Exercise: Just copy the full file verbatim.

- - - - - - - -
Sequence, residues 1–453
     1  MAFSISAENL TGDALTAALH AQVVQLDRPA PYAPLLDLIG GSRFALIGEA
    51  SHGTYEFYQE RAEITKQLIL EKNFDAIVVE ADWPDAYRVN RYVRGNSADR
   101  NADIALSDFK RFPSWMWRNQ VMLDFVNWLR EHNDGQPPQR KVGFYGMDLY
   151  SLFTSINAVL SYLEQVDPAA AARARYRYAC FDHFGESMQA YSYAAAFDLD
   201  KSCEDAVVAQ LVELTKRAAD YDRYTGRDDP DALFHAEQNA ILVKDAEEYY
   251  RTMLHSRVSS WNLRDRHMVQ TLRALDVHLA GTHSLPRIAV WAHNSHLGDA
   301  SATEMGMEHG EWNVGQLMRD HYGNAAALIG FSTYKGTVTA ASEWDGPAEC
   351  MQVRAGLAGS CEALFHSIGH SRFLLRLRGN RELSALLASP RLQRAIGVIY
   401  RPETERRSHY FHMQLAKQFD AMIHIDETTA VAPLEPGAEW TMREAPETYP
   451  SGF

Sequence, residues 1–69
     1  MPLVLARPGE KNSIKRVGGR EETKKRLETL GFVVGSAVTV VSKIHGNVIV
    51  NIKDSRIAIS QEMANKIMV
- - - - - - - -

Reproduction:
Sequence, residues 1–453
     1  MAFSISAENL TGDALTAALH AQVVQLDRPA PYAPLLDLIG GSRFALIGEA
    51  SHGTYEFYQE RAEITKQLIL EKNFDAIVVE ADWPDAYRVN RYVRGNSADR
   101  NADIALSDFK RFPSWMWRNQ VMLDFVNWLR EHNDGQPPQR KVGFYGMDLY
   151  SLFTSINAVL SYLEQVDPAA AARARYRYAC FDHFGESMQA YSYAAAFDLD
   201  KSCEDAVVAQ LVELTKRAAD YDRYTGRDDP DALFHAEQNA ILVKDAEEYY
   251  RTMLHSRVSS WNLRDRHMVQ TLRALDVHLA GTHSLPRIAV WAHNSHLGDA
   301  SATEMGMEHG EWNVGQLMRD HYGNAAALIG FSTYKGTVTA ASEWDGPAEC
   351  MQVRAGLAGS CEALFHSIGH SRFLLRLRGN RELSALLASP RLQRAIGVIY
   401  RPETERRSHY FHMQLAKQFD AMIHIDETTA VAPLEPGAEW TMREAPETYP
   451  SGF

Sequence, residues 1–69
     1  MPLVLARPGE KNSIKRVGGR EETKKRLETL GFVVGSAVTV VSKIHGNVIV
    51  NIKDSRIAIS QEMANKIMV